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"Hiring a 300-hr MCPL holder and putting him in an A320 will hopefully be viewed as equally as problematic."

Hiring 300 hour beginners and placing them in the right seat of B-1900's is equally problematic when it comes to competence.

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I am not saying pay and conditions are solely and directly to blame. But they have a huge impact. More so the fact that in Europe (and elsewhere) it is clear that if they lose their medical or push back to hard they won't have a job!!! What is the average pilot going to do when, if working for Ryan Air (for example), as a 'contractor' he has the potential to lose his medical? Even if that lose is temporary (as most cases are) by being honest you will lose your income - no protection, no 'disability' etc etc.

Almost ALL of these 'low cost' airline jobs in Europe operate in this manner.

So it does not have to do with pay directly but it certainly has to do with conditions. From all accounts (bearing in mind it is the media) this pilot loved aviation from a young age and his dream was to be a pilot. What he did was to make a statement and, while mental illness is an obvious and potential reason, there is something in it.

Another commentator theorized that the past system, where it took a pilot years to get into an airline flight deck would/did catch more of these 'ill' pilots since several years of medicals and working brought the issue to light. Maybe some merit there.

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The main purpose of an f/a in the flight deck, whenever the other pilot wishes to use the lav, is to open the door, after checking its clear by looking out the peep hole.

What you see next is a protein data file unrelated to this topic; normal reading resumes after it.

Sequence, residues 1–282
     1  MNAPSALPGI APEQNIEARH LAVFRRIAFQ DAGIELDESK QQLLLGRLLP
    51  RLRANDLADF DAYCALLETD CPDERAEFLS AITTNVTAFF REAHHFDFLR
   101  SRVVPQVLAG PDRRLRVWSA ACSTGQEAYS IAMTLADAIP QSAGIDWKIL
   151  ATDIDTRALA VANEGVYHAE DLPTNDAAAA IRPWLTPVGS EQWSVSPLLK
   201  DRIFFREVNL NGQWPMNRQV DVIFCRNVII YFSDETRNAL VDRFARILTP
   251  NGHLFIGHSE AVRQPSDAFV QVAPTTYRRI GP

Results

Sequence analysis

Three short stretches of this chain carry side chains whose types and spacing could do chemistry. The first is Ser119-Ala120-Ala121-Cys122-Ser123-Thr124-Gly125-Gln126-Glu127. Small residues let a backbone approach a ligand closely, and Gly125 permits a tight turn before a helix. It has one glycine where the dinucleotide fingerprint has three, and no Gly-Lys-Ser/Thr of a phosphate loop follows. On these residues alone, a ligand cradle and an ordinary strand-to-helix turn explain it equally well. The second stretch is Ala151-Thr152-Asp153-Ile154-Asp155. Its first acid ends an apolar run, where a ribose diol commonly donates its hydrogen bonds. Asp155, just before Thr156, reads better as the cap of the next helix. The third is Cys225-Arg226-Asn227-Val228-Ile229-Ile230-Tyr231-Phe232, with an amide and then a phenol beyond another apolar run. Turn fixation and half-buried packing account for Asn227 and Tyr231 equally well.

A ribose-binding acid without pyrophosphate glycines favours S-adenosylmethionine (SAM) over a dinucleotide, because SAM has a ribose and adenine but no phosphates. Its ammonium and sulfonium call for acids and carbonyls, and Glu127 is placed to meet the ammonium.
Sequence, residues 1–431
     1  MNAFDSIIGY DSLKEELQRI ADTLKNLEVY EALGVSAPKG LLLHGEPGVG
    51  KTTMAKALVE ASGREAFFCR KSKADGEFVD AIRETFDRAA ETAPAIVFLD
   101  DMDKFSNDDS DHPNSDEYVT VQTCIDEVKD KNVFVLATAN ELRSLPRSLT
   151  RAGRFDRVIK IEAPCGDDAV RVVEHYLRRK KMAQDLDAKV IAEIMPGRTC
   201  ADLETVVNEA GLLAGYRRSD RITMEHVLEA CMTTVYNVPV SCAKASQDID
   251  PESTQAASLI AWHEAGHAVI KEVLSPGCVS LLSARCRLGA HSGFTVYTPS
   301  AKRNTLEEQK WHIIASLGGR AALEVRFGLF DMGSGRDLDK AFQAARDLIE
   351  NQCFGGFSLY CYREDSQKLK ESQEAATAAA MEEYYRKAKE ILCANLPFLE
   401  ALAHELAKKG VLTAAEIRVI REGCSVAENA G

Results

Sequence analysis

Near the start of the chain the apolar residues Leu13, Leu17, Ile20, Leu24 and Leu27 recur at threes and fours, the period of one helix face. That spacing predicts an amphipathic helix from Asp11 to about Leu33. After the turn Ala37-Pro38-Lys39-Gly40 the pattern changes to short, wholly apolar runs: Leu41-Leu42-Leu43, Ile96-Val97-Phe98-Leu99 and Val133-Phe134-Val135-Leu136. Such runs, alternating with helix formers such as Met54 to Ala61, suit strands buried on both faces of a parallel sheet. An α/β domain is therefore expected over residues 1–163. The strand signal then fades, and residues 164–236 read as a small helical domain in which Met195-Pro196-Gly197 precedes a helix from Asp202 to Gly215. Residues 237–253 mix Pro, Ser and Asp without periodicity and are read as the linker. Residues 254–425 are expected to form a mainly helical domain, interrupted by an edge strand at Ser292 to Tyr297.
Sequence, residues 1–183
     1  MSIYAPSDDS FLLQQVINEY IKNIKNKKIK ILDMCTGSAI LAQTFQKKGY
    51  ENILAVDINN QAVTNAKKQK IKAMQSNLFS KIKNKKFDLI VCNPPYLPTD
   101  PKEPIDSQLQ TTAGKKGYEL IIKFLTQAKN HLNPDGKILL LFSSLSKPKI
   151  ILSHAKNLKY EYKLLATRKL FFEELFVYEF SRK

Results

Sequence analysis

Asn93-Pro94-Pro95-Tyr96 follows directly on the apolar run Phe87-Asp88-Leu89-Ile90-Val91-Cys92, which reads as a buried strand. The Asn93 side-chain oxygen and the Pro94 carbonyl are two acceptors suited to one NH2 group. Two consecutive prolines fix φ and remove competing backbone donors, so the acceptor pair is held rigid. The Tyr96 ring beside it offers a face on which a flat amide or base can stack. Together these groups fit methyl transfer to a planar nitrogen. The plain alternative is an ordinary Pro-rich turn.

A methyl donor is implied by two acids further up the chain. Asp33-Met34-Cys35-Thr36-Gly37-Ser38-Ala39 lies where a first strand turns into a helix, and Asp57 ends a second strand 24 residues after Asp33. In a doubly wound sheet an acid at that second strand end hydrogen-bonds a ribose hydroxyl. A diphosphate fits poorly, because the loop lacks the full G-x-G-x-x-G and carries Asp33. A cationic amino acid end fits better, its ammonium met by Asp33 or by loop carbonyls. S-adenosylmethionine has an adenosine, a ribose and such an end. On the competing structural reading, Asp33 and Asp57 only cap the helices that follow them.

He/she being there and chatting with the other pilot, in this tragic case, may also have a calming effect and removed any thoughts at that moment. Me thinks.

As to duty regs, pilots are being pushed where the regulators appear to be siding with the executives, who are making out like bandits with there bonuses. They seem to have lost their focus until the next incident where the pilots are to blame.

Ouch.

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https://werklozevlie...ique-identifier

English version

Pay-to-fly: a multi-faceted problem

Nienke Groenendijk-Feenstra

A well researched and well written article to be sure, however until people stop taking these jobs the system wont change. I don't see Ryanair aircraft falling out of the sky every week so there must be some competency in the cockpit. Just because you don't get paid well doesn't mean you are not a good pilot and vice versa. As for the "best and the brightest" not signing up for the job, I'm not sure they ever did. People sign up to fly because they love aviation not because they love big paycheques.